IN PLAY: SD School of Mines Launches Energy Education Opportunities

Changes to the economy brought about by regional petroleum development have led the South Dakota School of Mines and Technology at Rapid City, S.D., to enhance the educational opportunities it provides students.
By Patrick C. Miller | July 17, 2014

Changes to the economy brought about by regional petroleum development have led the South Dakota School of Mines and Technology at Rapid City, S.D., to enhance the educational opportunities it provides students.

The school recently announced that it is adding a minor in petroleum systems as part of a broader energy resource initiative. Last April, it launched the Shale Research Initiative to assess the feasibility of beginning the nation’s first underground shale research laboratory.

“The energy industry is rapidly growing in our region,” says Heather Wilson, the school’s president. “Many of our graduates are already hired into the industry, and we are well positioned to expand both teaching and research in this field.”

To emphasize the point, the School of Mines’ geological engineering graduates have a 100 percent placement rate and are also offered the highest average starting salary—nearly $71,000 annually. It also helps that SDSMT is equidistant from the Williston Basin in North Dakota, the Powder River Basin in Wyoming and the Denver Basin in Colorado.

As one of four universities in the nation to offer all three core disciplines for mineral industries—mining engineering, metallurgical engineering and economic geology—the School of Mines was among a select group of educational institutions invited to testify June 24 before the House Subcommittee on Energy and Mineral Resources at an oversight hearing on “American Energy Jobs: Opportunities for Education.”

Duane Hrncir, provost and vice president for academic affairs, testified about the university’s expanding energy efforts.

“Through their programs of study, our students gain an understanding of how these disciplines are entwined from the discovery of new mineral resources to the extraction of the resources, and finally the processing to obtain the strategic materials needed to fuel the nation’s economy,” Hrncir said in his testimony.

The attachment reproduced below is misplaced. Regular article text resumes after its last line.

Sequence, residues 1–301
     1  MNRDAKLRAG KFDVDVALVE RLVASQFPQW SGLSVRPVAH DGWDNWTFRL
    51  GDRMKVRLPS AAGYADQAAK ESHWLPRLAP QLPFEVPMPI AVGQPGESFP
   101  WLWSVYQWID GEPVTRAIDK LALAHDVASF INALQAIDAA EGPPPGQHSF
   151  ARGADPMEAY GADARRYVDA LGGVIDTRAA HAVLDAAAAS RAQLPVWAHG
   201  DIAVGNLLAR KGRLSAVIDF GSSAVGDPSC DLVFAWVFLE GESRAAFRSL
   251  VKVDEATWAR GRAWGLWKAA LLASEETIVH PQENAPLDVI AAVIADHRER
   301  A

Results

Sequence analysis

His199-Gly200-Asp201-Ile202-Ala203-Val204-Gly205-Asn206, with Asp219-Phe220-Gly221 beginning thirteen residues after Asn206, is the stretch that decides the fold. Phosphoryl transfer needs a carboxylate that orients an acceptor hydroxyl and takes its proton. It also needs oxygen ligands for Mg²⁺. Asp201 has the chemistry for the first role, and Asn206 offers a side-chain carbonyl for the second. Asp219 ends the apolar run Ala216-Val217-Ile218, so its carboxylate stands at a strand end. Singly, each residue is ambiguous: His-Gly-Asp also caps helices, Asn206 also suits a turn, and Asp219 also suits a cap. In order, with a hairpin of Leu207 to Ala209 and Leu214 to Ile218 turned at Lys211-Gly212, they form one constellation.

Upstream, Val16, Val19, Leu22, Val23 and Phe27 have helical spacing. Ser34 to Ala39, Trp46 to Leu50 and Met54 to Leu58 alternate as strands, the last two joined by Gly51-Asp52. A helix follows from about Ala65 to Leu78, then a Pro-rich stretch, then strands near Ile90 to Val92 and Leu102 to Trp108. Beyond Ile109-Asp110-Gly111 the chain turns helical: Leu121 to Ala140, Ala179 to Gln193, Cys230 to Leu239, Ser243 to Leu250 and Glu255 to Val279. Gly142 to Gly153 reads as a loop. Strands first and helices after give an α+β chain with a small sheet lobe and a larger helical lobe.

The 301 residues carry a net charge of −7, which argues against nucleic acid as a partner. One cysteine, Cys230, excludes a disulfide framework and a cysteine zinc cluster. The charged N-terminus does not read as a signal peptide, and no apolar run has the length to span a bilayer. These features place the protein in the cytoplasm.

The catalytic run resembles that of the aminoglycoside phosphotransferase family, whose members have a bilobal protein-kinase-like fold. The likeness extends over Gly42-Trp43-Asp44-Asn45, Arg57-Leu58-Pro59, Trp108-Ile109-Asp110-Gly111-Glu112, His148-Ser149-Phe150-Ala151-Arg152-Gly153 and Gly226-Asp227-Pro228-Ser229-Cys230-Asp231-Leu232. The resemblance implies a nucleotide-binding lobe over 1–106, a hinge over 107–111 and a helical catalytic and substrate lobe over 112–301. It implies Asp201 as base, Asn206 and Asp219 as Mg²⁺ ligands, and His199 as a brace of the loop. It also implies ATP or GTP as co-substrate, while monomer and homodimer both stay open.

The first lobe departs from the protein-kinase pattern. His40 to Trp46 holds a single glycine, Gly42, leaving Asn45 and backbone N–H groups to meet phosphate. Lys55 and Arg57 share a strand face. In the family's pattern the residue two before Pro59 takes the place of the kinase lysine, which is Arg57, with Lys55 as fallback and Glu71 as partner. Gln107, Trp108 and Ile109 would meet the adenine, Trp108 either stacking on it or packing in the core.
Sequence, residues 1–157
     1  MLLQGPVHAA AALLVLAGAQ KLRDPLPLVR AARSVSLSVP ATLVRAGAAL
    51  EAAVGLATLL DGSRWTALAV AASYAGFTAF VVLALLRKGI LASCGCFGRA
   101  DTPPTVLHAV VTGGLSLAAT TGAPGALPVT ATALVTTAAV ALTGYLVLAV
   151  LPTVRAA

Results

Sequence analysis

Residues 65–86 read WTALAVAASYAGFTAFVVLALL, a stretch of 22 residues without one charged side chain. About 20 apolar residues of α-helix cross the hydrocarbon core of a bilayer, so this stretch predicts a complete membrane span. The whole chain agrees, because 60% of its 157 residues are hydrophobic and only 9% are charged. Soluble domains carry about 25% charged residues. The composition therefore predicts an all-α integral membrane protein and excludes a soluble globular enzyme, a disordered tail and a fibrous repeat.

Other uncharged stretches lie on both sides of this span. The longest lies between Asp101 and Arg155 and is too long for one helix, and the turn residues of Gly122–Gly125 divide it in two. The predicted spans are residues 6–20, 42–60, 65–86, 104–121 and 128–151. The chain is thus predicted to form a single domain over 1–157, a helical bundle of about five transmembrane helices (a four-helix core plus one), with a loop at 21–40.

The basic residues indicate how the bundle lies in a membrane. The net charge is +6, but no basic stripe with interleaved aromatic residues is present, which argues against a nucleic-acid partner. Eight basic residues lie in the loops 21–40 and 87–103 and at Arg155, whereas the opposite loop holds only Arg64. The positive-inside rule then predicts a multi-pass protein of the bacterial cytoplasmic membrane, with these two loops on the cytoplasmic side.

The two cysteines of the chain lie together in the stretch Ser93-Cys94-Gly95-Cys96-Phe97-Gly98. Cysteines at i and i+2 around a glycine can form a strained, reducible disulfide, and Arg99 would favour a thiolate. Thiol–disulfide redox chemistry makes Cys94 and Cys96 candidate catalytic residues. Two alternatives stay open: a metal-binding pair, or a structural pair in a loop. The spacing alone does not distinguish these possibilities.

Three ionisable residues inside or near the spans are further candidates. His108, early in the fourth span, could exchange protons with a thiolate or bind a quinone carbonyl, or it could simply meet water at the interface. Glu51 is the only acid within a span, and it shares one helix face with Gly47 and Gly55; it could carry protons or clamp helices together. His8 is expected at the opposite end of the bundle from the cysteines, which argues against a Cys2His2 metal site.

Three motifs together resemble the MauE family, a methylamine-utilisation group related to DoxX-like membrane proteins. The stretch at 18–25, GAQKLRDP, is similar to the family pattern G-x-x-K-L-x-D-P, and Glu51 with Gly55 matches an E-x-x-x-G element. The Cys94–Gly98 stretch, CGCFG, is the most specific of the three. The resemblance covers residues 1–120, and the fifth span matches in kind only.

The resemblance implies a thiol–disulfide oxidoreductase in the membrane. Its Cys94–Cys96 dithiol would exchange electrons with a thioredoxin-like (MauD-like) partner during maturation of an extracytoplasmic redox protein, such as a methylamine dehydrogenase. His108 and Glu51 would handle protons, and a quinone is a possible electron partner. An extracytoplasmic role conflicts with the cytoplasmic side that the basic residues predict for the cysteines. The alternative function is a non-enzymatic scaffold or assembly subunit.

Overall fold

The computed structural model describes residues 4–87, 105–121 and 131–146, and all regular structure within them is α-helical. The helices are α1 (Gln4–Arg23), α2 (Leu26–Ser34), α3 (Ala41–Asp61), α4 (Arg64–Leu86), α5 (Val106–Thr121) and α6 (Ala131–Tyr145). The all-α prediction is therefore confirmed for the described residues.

The petroleum systems minor was added to attract more students to the geological engineering discipline, as well as those from the mining engineering and management, geology, mechanical engineering, civil engineering and chemical engineering fields. It will serve both upstream and downstream energy industries, encompassing a state-of-the-art laboratory for petrophysics and geomechanics research.

Earlier this year, the School of Mines and its industry partner RESPEC announced the launch of the state-funded Shale Research Initiative. RESPEC is an integrated consulting and services firm with an annual revenue of more than $30 million. Founded in 1969, RESPEC provides clients with technical and advisory services.

The Shale Research Initiative focuses on a range of experiments important to energy and the environment, including enhanced energy production, carbon dioxide sequestration, underground hydrocarbon storage and waste disposal in shale. The newly established state effort will fund drilling and sampling of various shale units, conduct advanced laboratory testing of shale, and perform geo-mechanical analyses to investigate initial design concepts for an underground shale laboratory.

“With regard to the energy industry, our students are conducting research on reservoir modeling, advanced production techniques, sustainable engineering, advanced material design and microbial transformations of energy feedstocks, to name a few,” Hrncir noted in his testimony. “These students will lead the next generation of engineers and scientists who will continue to develop the country’s energy needs in a sustainable way that protects the natural resources and quality of life valued by all of our citizens.”

Founded in 1885, the South Dakota School of Mines & Technology is a science and engineering research university offering bachelors, masters and doctoral degrees. The university enrolls 2,640 students from 45 states and 37 countries.